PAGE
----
Two early travel achievements — Jefferson County’s Dollarway Road and the original Highway 79 free bridge over the Arkansas River at Rob Roy, near Pine Bluff — are nearing 100th anniversaries.
Dollarway has a storied past as Arkansas’ first concrete-paved road. When completed in October 1914, the 23-mile stretch — from Pine Bluff to the Jefferson County line north of Redfield — was the nation’s longest concrete roadway. Its construction, which consumed 13 months, also marked the first use of reinforced concrete for bridge construction in the state, according to an Encyclopedia of Arkansas History and Culture account by Claudette Stager.
Four reinforced bridges were included in the Dollarway Road project.
The nine-foot wide road’s name was derived from its initial projected construction cost of a dollar per linear foot. However, the final cost was closer to $1.36.
Property owners along the route shared in the cost of construction, Stager noted, although some were initially opposed to the idea and indicated they would take legal action to halt the project. Differences were worked out, however, to mutual satisfaction.
Before Dollarway Road, packed stone paving known as “macadam” was employed on Arkansas roadways. Macadam went by the wayside when concrete wound up being both resilient and cheaper.
Segments of the original Dollarway Road are still visible in White Hall and Redfield, and concrete pieces from the initial construction that broke away over time were used in still-visible walks, stairs and edgings around houses and other buildings along its trail.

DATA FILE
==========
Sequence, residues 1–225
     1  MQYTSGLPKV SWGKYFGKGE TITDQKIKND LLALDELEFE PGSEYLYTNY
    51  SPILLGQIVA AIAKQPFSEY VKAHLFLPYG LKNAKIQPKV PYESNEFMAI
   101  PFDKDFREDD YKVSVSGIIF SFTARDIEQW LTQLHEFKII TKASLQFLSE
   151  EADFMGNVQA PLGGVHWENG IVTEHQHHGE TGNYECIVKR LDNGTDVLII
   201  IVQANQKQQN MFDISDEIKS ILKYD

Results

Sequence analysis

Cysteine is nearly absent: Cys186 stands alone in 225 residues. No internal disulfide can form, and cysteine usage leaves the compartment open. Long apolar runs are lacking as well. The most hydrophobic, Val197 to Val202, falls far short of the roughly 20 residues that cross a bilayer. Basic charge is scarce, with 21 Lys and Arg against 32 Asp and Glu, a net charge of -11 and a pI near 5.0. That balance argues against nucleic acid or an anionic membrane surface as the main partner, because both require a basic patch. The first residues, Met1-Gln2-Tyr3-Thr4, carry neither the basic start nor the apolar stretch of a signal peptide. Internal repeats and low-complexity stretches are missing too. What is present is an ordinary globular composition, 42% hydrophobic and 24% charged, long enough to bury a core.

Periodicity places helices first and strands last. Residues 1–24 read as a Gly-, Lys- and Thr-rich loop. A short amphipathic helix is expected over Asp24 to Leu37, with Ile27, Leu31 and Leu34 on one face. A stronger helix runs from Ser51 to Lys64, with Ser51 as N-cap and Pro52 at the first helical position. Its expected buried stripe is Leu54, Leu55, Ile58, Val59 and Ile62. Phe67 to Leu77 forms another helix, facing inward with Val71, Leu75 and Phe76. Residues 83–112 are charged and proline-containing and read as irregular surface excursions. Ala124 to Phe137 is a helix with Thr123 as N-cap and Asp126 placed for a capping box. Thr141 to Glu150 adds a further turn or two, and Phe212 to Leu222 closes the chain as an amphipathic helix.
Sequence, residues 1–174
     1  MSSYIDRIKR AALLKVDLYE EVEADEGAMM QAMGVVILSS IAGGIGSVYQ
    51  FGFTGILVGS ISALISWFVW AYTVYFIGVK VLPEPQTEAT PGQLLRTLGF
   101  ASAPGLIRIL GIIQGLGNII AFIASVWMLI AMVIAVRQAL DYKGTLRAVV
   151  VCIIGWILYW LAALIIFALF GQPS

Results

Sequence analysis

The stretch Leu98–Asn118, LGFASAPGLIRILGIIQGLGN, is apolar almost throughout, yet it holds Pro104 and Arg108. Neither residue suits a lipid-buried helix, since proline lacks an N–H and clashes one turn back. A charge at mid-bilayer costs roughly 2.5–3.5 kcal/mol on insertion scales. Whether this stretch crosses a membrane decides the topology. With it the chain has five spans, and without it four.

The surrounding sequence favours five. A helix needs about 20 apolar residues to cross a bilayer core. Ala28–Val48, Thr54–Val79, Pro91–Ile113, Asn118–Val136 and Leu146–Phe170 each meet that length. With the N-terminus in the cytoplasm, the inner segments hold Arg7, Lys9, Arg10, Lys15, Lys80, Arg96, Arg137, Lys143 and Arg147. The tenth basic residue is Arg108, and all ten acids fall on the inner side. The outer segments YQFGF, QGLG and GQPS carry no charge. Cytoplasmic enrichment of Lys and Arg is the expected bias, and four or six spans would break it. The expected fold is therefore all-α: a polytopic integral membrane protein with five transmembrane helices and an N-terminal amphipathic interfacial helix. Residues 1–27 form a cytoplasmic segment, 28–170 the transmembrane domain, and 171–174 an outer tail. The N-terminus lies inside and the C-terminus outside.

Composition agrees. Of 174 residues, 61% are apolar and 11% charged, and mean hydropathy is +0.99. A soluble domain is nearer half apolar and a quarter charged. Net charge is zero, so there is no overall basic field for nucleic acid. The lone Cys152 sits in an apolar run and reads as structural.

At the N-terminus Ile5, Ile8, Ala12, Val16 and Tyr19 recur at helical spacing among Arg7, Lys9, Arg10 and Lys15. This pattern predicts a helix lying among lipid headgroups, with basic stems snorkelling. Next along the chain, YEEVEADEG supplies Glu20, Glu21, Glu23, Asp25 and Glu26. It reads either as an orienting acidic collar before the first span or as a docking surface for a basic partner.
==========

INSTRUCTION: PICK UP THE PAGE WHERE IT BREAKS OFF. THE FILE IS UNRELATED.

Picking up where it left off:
The county started building the free bridge in 1914, and when it was completed for use in 1915, it united the county for the first time.
The 1,520-foot-long bridge was rehabilitated in 1954. The bridge was 25 feet wide and had three traffic lanes, two one-way paths and a middle lane designed for use only to allow passage for farm equipment and oversize loads.
The current bridge was put into use in 1972, when the first structure was dropped almost instantly with strategically placed dynamite charges at 9 a.m. Wednesday, July 12, 1972, the late James W. Leslie wrote in his 1981 book “Pine Bluff and Jefferson County: A Pictorial History.”
George T. Anderson Sr. and James E. Jones Jr., co-publishers of the now-defunct Pine Bluff News weekly paper, reported that the blast shook buildings in downtown Pine Bluff.